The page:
A number of issues may arise that relate to the “driving” element of a drunk driving offense. For instance, a person may be in a car but has not turned on the ignition. The question in some cases is whether the person was driving or operating a vehicle or whether the person was using the vehicle as a temporary shelter. Courts in various jurisdictions have identified several factors that may be used to determine whether someone has been driving a vehicle. Some of these include the following:
Field evidence may fall into one of five categories, including the following:
- Testimony regarding the defendant’s unusual driving
- Testimony regarding the defendant’s conduct or physical appearance
- Incriminating statements made by the defendant
- Testimony regarding the defendant’s performance during a field sobriety test
- Tapes, film, and/or photographs taken at the scene where the defendant was driving and/or arrested
Police officers will often look at the defendant’s physical appearance and symptoms of drunk driving in order to determine whether the defendant is intoxicated. The following are some of the more common symptoms of intoxication:
- The defendant’s clothes are disheveled
- The defendant has not shaved or combed his or her hair
- The defendant’s eyes appear to be red, glassy, or bloodshot
- The defendant’s face appears to be flushed
- The defendant’s breath smells like alcohol
- The defendant’s speech is thick and slurred
The defendant’s BAC level will be determined through one of three methods. The most common of these methods involves an analysis of the defendant’s breath. Other tests analyze the blood or urine of the defendant. Refinements in the methods by which a defendant’s BAC is determined have strengthened the ability of prosecutors to prove this BAC. However, these tests are not above reproach, and skilled defense attorneys can often successfully attack the methods by which the defendant’s BAC was analyzed.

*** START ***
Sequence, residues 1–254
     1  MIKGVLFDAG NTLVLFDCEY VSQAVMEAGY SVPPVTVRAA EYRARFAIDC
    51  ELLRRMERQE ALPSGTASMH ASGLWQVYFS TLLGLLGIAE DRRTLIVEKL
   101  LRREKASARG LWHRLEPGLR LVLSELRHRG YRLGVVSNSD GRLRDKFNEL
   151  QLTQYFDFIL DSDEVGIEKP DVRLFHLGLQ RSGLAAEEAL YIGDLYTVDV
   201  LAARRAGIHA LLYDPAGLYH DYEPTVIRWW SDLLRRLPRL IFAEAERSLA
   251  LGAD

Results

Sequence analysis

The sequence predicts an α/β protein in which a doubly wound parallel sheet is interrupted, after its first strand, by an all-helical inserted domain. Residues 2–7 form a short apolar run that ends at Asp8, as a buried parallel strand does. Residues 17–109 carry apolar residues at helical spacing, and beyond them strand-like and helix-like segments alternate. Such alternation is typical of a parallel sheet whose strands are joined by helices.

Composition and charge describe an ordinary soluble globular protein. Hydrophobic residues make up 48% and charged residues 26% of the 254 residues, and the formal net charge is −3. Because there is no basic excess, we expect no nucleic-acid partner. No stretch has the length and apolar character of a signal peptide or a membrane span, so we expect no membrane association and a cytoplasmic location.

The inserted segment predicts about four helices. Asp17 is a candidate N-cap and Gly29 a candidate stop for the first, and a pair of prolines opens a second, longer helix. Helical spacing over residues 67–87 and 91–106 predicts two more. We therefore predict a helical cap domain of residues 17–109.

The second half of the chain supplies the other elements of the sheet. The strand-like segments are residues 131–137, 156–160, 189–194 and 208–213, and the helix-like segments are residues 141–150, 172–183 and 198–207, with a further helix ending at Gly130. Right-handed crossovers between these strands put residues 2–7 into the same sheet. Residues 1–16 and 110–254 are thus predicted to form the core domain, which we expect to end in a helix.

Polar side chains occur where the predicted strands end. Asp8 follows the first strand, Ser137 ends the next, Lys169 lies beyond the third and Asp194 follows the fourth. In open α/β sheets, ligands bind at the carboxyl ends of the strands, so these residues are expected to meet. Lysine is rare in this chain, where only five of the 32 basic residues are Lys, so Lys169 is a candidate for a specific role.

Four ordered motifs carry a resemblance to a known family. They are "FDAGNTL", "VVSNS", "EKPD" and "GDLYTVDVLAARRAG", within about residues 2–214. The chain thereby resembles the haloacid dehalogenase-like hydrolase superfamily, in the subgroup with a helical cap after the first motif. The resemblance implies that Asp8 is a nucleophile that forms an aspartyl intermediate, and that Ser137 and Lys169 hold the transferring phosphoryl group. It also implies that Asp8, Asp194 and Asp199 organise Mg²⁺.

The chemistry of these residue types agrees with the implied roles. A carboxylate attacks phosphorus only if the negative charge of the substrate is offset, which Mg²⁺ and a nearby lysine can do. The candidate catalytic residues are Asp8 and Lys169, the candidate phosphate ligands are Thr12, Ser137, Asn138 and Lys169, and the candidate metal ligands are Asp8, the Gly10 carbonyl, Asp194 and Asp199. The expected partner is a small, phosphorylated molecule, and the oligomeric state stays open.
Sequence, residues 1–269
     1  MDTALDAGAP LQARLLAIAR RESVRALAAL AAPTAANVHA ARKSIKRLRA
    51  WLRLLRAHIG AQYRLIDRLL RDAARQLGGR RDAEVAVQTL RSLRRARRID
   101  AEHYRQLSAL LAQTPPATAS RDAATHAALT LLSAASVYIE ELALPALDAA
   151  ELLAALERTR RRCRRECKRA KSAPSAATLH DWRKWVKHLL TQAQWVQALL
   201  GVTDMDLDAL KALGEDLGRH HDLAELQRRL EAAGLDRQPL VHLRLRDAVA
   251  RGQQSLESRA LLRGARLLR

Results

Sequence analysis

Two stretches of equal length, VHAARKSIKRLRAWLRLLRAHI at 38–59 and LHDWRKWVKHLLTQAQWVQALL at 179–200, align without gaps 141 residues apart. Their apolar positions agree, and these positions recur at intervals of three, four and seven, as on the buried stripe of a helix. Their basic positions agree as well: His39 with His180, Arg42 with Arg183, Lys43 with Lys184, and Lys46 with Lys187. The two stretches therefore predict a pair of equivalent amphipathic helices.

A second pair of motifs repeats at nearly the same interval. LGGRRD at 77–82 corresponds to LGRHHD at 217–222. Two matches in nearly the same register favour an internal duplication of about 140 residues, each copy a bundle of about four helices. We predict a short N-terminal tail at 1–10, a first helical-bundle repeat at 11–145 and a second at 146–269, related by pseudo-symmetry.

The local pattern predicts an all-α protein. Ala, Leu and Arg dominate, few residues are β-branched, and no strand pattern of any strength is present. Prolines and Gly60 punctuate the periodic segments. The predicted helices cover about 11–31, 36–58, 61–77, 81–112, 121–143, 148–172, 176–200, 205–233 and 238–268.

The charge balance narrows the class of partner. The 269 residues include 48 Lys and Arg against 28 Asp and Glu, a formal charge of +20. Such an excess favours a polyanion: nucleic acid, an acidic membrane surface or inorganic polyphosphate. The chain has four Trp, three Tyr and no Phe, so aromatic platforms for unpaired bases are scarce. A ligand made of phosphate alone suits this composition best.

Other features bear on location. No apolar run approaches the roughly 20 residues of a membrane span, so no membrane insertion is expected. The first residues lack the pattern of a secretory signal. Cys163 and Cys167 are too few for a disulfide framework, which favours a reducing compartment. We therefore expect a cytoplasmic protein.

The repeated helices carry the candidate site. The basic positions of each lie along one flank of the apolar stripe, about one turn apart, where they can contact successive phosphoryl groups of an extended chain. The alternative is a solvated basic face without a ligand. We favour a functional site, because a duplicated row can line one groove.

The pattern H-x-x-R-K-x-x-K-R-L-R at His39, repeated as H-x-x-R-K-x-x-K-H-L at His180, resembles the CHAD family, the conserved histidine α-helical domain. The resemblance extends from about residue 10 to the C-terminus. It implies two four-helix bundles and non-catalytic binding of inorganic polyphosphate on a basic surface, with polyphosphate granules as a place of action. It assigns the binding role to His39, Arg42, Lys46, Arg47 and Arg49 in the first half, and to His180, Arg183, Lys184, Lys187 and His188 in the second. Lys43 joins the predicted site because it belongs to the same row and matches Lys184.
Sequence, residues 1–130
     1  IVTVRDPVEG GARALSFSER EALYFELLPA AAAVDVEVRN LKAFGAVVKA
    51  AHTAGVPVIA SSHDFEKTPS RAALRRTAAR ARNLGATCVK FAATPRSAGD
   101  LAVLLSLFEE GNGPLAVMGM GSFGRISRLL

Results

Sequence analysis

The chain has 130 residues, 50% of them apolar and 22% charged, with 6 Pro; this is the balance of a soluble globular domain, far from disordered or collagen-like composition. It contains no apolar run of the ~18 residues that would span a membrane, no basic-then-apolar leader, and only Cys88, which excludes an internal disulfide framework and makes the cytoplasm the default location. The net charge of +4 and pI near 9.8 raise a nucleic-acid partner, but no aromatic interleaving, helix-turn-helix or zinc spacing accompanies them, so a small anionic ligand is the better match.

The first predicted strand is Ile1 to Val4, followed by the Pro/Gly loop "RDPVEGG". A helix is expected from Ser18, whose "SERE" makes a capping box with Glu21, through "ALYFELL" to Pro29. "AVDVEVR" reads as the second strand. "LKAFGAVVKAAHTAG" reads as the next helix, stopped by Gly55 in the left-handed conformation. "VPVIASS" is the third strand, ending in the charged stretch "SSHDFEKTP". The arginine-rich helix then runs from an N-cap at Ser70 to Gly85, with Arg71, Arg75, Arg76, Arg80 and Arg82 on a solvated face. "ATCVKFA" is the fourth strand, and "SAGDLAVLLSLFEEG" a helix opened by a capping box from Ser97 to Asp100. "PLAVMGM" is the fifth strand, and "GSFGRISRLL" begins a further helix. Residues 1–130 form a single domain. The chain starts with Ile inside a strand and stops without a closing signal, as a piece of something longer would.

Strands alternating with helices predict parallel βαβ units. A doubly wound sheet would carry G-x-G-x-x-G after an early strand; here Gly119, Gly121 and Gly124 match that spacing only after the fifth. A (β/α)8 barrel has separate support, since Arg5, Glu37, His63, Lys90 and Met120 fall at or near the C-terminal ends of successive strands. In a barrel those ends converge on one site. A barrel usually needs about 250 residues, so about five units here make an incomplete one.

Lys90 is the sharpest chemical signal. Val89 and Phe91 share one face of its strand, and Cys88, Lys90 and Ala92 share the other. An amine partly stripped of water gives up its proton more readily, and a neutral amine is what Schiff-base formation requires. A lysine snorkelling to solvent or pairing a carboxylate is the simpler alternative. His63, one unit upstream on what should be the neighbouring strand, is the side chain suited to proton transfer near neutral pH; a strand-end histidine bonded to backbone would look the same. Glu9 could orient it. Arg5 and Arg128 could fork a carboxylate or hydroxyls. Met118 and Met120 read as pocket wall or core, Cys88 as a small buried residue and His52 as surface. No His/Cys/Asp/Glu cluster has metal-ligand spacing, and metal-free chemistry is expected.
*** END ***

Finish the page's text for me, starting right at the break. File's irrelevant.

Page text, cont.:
Drunk Driving Sentencing
A person who is convicted of drunk driving most likely faces some or all of the following in terms of punishment: a fine; time in jail; suspension, restriction, or revocation of the defendant’s driver’s license; probation; enrollment and completion of a course in drunk driving or alcoholism. In addition to these, states have also developed other penalties or requirements that drunk drivers must fulfill.
One requirement that has become more common throughout the nation involves the use of an ignition-interlock device. Such a device captures a driver’s breath and analyzes the BAC of the driver. The device only allows the driver to start the vehicle when the breath analyzer reads below a certain level, such as .02 percent.
Another form of punishment is the impoundment of a drunk driver’s vehicle for a certain period of time. A more serious form of this punishment is the forfeiture of a vehicle, meaning that a court can order the sale of a person’s car after the person has had multiple convictions for drunk driving.
States have also modified their statutes to provide for enhanced sentences under some circumstances. These sentence enhancements may apply when one of the following events occur:
(1) The defendant’s BAC is very high, such as above .20 percent.